Helping you get the most out of your child’s education
There are so many exciting and wonderful things to look forward to as your little one enters into the new world of ‘big school’. Unfortunately, for many families, homework isn’t one of them. After a few short introductory weeks the dreaded homework will begin. This is a journey that you will continue on with your child throughout his Primary and High school years.
The amount of homework that your child will receive during the Junior Phase years may not be a great deal but it is vitally important that you use this time to set up a structured routine. This will enable your child to be efficient and productive during his homework time as the volume of work and the pressure on your child will only increase as he grows through the grades. It is important to try to make a habit of homework; one habit that you hope he will have throughout his school career!
It is important to keep homework within a structured routine. Same place, same time; or at least in the same sort of environment at around the same time each afternoon! On your way home from school mention that you will be doing homework when you get home. Try to be positive about it, (though I know you may not feel that way!) After all the school and extra-mural activities your child may be happier to start his homework after a quick snack and a few minutes playing with his toys. Be sure to set the time aside clearly and to tell him the exact amount of time that he has to relax before you start the homework routine. Eg. “You can play with your toys/outside for 15 minutes and then we will start your homework together”. Be sure to call your child in at the correct time, and be wary of negotiating “just 5 more minutes”.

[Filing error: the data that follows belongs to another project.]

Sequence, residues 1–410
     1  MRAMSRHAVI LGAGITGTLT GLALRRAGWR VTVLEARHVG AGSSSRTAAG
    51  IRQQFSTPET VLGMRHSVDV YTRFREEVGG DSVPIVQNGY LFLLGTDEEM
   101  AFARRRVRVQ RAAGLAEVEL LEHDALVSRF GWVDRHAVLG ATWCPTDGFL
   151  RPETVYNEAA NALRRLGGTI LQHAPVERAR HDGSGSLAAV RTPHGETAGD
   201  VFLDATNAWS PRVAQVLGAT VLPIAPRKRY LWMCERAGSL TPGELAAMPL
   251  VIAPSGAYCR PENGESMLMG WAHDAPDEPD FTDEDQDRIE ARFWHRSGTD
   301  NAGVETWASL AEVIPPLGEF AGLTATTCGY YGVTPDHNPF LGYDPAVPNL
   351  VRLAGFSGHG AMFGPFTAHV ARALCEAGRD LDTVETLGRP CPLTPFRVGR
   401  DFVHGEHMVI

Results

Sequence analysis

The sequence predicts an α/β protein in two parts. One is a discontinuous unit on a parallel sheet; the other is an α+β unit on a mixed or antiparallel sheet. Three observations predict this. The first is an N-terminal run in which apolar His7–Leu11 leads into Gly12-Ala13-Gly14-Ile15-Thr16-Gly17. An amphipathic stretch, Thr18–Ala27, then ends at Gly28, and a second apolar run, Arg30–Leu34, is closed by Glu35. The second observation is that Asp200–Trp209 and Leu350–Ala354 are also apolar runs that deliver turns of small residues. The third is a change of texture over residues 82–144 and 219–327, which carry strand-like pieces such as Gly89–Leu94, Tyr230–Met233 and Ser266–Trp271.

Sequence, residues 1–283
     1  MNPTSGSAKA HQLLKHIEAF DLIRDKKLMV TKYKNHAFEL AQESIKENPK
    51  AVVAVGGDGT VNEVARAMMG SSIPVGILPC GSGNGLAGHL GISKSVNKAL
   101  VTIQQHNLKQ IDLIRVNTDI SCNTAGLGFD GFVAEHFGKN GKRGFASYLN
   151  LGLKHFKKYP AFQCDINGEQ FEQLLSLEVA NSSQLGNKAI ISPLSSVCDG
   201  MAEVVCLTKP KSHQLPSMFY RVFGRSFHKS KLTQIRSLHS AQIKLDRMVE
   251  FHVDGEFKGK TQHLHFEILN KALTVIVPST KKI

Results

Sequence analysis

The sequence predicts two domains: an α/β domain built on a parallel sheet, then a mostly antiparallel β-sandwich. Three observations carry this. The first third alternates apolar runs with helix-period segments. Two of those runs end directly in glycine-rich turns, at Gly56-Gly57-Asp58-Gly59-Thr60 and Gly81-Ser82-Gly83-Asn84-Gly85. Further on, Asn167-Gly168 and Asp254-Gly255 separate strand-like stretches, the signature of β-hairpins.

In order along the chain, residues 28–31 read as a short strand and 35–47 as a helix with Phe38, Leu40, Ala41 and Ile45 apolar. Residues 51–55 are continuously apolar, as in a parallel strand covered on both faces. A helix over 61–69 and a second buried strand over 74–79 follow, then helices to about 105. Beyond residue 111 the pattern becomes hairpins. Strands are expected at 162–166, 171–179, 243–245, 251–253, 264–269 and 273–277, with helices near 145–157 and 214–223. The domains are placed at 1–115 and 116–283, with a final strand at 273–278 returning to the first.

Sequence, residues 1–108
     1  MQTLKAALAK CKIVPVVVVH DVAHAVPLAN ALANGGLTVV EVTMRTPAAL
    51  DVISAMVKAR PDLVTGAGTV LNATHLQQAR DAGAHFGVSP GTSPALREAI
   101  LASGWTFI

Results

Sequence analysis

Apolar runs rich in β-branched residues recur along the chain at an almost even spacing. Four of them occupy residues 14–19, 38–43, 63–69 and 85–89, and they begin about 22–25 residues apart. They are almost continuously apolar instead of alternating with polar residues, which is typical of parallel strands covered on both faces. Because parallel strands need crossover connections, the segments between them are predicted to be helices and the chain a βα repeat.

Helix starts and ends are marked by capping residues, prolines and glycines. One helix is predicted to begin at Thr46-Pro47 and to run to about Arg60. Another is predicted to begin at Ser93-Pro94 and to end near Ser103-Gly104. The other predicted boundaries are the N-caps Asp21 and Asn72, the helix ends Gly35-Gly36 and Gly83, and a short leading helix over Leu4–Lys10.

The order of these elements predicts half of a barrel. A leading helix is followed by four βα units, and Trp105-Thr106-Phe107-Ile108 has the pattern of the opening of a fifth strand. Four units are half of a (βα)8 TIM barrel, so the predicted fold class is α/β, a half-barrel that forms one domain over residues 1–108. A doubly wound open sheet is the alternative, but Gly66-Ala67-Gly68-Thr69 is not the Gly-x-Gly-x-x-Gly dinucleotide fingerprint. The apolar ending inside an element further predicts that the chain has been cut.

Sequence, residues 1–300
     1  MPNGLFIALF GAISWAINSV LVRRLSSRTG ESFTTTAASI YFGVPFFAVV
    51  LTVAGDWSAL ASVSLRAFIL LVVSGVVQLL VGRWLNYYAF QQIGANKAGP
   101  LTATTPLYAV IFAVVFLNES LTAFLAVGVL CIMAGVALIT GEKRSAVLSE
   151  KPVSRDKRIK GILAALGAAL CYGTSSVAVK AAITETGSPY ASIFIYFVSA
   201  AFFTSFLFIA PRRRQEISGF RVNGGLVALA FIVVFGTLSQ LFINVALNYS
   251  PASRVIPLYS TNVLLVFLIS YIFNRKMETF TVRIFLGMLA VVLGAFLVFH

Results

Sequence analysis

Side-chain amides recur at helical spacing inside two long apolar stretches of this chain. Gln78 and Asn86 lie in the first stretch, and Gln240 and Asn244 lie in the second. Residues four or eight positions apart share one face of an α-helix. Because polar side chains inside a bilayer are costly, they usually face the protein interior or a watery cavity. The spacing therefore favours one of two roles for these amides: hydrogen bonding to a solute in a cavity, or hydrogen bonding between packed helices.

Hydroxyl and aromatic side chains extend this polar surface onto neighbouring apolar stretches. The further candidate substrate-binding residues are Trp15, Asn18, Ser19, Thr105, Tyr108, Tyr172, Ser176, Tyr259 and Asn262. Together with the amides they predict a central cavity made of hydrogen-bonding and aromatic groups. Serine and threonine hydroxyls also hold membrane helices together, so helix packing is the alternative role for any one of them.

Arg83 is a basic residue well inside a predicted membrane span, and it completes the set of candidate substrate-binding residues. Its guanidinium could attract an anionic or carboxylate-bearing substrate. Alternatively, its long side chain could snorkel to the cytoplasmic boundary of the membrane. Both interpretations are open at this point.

Set up a work space for your child. A space within your home where he can concentrate easily, away from pets, siblings or other stimuli that may distract him. Make sure that he has a comfortable work top and chair (not trying to balance on a barstool at the kitchen counter, or scrunched up on the floor leaning on his bed in his bedroom). Ensure that he has all the resources he needs (pencils, crayons, a ruler, an eraser and koki pens, readers and work books, a white board and scrap paper). This will stop him from being distracted and running off the find whatever he may need, therefore prolonging the session and eating into your free family time.
The length of the homework session is also extremely important. In the Junior Phase, teachers will usually give a set amount of homework each day. Your child is generally expected to finish their homework in 30 minutes in Grade 1, 30 minutes in Grade 2 and 40 minutes in Grade 3 (split into 10 minutes of Reading, 10 Minutes of Phonics/Spelling/Literacy and 10 minutes of Numeracy). Try not to pressure your child to ‘slog on’ past the allotted time, it will only cause them to become disgruntled and to develop a poor attitude towards homework. You have many years of homework ahead of you, so don’t make it a fight! If your child is unable to concentrate for the set period and cannot complete within the time on a daily basis then it would be a good idea to contact your little one’s teacher.
It is important to remember that your child needs your support while doing their homework. It may seem impossible at times, but your child will benefit so much from 20 minutes of undivided attention when they are doing homework. Remember that it is important to support your child, but don’t be tempted to do your child’s homework for them. You should be present, to share ideas and to ask them questions to help them to solve the answers.
Watch out for my next blog where I will be discussing some tips for making homework a little more interesting!